At St Mary’s we are experimenting with biblical storytelling, giving time and space to a sweep of a story. Our first storytelling took place on Maundy Thursday, when we told the story of Holy Week, from Palm Sunday to Easter morning, all from the gospel of Luke. The ‘telling’ is important, direct speech using un-edited words from the bible, learnt by heart and told to the listeners without the props of book or lectern. It has an urgency, an ‘I was there’ quality. We share the telling, so the story passes between different people, quieter and louder voices, the flamboyant and the reflective, old, young, women, men. In the month or two before the storytelling event, each storyteller ‘lives’ with their bit of the story, not just learning the words but working through decisions of meaning, emphasis and emotion. And then it comes together and we are all both listeners and tellers, taking turns on the floor, hearing the story emerge from our individual efforts. It’s good to finally have an audience too – fresh ears – catching different echoes and themes, as the story shifts between the famous passages and those often passed over.

This December we are telling the Christmas stories from Luke and Matthew, but with a twist from the usual selection – not one but two baby boys. They were cousins of sorts, born six months apart. Both had angels announce their birth and gave them their names, but one was a longed for child of older parents, while the other came at an awkward time. The son of a priest, when John grew up he lived in extreme poverty in the desert, gathering followers as he challenged people to turn away from their sins and baptising them in the river. After an unconventional birth story (more angels, shepherds, wise men), surviving a death warrant and spending a few years as a refugee in Egypt, Jesus grew up quietly as the son and apprentice of the village carpenter. Until, thirty years later, when he met up with John at the River Jordan.

We look forward to sharing our Christmas Community Storytelling with you. Fifteen voices, re-telling one story. No singing. No sermon. Words straight from the bible.

4-5pm Sunday 4th December. St Marys’ Church, Bramall Lane, Sheffield.  

Gift Day 2016

There are many activities supported by the church and it is part of St Marys’ mission to be welcoming and to provide opportunities for everyone to get involved.

The activities of the church include Light Factory, Messy Church, family choir, links with St Marys Community Centre, links with Porter Croft School and the local Tenants and Residents Association and a contribution to the Diocese and the wider church through what is known as the Common Fund. We enjoy building our community through shared lunches, hospitality to strangers and participation in Timebuilders with members of St Marys Community Centre. The meditation group and small groups allow participants a space to invite God into their lives and to find out about the message of the Bible. Multi-faith links allow us to work with people of different faiths to further God’s message of peace and our mission partnership with other churches allows us to combine our resources to achieve more by co-operation than we can achieve alone.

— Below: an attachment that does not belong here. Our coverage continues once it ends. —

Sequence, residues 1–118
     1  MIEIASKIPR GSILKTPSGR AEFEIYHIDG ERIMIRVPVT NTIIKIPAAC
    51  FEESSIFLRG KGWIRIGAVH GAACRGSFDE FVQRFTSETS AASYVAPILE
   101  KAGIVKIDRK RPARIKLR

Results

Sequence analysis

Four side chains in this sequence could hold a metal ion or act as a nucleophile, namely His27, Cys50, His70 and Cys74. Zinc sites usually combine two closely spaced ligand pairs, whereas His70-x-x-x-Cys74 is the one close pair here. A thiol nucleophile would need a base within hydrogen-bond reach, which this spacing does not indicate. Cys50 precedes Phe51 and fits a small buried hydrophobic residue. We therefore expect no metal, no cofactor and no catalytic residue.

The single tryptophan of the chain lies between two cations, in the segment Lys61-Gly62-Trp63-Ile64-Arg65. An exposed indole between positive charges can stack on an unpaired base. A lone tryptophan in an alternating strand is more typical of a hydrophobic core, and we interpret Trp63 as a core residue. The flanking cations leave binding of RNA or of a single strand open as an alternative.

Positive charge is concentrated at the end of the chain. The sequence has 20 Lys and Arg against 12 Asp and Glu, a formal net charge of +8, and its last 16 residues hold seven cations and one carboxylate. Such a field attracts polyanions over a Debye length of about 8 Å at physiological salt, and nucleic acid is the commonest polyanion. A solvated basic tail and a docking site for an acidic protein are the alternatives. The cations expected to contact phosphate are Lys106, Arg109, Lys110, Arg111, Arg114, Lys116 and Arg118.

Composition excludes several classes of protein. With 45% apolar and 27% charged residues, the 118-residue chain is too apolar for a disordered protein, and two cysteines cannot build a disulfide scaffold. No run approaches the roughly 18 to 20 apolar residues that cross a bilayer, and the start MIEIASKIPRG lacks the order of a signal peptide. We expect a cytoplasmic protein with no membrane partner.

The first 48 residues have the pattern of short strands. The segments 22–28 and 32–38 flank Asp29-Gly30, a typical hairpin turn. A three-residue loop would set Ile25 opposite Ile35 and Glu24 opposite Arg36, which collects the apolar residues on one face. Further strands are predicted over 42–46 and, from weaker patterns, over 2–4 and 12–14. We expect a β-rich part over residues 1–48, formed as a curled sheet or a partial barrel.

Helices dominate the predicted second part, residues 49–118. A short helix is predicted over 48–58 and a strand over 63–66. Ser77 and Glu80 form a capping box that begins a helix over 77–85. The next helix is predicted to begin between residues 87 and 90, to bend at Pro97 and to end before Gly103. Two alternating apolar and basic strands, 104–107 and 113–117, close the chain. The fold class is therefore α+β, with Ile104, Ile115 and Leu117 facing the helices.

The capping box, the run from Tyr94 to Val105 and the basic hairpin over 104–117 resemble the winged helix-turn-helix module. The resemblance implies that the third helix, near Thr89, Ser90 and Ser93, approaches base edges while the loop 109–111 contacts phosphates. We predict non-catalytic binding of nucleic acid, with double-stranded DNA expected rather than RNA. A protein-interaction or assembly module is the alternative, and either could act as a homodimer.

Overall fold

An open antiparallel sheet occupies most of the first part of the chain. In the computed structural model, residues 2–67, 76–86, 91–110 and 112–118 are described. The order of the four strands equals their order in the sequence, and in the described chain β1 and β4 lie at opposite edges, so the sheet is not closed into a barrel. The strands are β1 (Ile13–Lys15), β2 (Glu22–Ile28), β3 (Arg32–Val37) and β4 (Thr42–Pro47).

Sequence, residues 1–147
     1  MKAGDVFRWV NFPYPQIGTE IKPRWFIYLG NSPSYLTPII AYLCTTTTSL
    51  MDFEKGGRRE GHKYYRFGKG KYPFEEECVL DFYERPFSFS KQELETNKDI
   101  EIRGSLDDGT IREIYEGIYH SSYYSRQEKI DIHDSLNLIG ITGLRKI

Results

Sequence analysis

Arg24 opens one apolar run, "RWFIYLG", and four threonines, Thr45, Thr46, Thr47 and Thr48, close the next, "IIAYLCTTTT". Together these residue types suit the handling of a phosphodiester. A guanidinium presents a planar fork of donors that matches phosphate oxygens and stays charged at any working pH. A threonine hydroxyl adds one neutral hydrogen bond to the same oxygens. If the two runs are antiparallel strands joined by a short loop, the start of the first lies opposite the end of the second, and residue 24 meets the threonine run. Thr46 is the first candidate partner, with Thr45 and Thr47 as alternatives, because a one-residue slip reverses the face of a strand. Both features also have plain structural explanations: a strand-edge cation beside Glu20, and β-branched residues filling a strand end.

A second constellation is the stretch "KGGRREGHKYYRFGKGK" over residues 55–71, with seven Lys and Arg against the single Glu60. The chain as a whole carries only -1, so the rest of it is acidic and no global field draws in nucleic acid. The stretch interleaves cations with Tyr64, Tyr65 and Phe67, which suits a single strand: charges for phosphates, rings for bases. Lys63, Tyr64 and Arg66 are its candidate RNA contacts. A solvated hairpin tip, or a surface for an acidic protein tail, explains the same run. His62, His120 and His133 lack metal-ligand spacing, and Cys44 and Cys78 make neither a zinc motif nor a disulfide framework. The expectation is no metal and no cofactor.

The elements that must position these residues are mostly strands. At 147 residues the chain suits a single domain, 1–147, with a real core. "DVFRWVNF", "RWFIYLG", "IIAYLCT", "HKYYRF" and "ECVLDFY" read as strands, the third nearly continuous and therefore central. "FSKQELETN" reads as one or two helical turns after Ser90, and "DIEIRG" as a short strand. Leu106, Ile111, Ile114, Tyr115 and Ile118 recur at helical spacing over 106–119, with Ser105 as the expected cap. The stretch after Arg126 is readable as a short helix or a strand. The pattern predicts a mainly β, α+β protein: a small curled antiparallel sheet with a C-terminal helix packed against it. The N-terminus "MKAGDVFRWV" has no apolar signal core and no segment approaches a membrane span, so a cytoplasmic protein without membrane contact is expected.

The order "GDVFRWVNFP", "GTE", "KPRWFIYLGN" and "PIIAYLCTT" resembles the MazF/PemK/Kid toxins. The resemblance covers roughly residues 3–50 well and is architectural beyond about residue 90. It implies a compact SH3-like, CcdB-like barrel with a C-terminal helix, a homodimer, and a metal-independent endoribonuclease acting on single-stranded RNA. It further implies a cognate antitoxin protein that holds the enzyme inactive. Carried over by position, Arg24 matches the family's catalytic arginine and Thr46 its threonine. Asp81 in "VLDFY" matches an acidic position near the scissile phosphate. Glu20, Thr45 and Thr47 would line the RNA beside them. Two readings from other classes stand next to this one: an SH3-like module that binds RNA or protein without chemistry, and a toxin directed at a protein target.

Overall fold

The financial contributions from all of the different Church of England churches in the Diocese to the Common Fund mean that the Diocese can provide training for Pastoral Workers, Worship Leaders, Readers and Pioneer Ministers who enable us all to contribute to the mission of the church.

The work of the church follows a plan to transform our society and the world for the better.

71p in every pound given to St Marys is spent on mission. The rest is spent on heating an lighting the church, buying resources such as books and candles, paying ministry expenses as well as other miscellaneous expenses, such as the cost of advertising for a new vicar.

We will have a shortfall of just over £2,000 in 2016.

This is the equivalent of £1 per person per week.

The New Testament says that we should give in proportion to our income, in a regular and disciplined way, in a way that is realistic to the need, in secret and with joy.

We are grateful for all contributions to the work of St Marys and we are not asking people to give more than what they prayerfully consider to be the right amount. We just ask that people review their giving regularly, and that may mean that some are able to give more but it may also mean for others that they have to reduce their giving in accordance with their circumstances